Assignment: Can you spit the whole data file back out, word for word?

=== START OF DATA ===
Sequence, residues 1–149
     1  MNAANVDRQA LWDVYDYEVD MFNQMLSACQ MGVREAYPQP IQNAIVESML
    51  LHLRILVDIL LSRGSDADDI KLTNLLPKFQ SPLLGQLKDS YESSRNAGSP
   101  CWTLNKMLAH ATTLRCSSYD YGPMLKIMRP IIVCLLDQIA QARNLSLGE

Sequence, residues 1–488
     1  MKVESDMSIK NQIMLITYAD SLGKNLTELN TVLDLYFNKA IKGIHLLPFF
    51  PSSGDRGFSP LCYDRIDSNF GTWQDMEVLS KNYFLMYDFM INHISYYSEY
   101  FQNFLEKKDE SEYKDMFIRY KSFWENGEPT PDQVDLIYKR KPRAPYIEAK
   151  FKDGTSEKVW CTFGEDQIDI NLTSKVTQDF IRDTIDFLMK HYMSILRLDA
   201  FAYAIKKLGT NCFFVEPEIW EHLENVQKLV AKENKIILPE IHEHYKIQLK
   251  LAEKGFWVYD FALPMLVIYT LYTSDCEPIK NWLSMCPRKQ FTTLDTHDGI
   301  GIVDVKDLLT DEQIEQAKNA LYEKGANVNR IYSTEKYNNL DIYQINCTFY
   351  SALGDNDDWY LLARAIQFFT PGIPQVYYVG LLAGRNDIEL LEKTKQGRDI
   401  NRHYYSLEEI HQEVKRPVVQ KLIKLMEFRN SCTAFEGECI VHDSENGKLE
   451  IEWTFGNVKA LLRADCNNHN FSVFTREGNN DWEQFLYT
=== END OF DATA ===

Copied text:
Sequence, residues 1–149
     1  MNAANVDRQA LWDVYDYEVD MFNQMLSACQ MGVREAYPQP IQNAIVESML
    51  LHLRILVDIL LSRGSDADDI KLTNLLPKFQ SPLLGQLKDS YESSRNAGSP
   101  CWTLNKMLAH ATTLRCSSYD YGPMLKIMRP IIVCLLDQIA QARNLSLGE

Sequence, residues 1–488
     1  MKVESDMSIK NQIMLITYAD SLGKNLTELN TVLDLYFNKA IKGIHLLPFF
    51  PSSGDRGFSP LCYDRIDSNF GTWQDMEVLS KNYFLMYDFM INHISYYSEY
   101  FQNFLEKKDE SEYKDMFIRY KSFWENGEPT PDQVDLIYKR KPRAPYIEAK
   151  FKDGTSEKVW CTFGEDQIDI NLTSKVTQDF IRDTIDFLMK HYMSILRLDA
   201  FAYAIKKLGT NCFFVEPEIW EHLENVQKLV AKENKIILPE IHEHYKIQLK
   251  LAEKGFWVYD FALPMLVIYT LYTSDCEPIK NWLSMCPRKQ FTTLDTHDGI
   301  GIVDVKDLLT DEQIEQAKNA LYEKGANVNR IYSTEKYNNL DIYQINCTFY
   351  SALGDNDDWY LLARAIQFFT PGIPQVYYVG LLAGRNDIEL LEKTKQGRDI
   401  NRHYYSLEEI HQEVKRPVVQ KLIKLMEFRN SCTAFEGECI VHDSENGKLE
   451  IEWTFGNVKA LLRADCNNHN FSVFTREGNN DWEQFLYT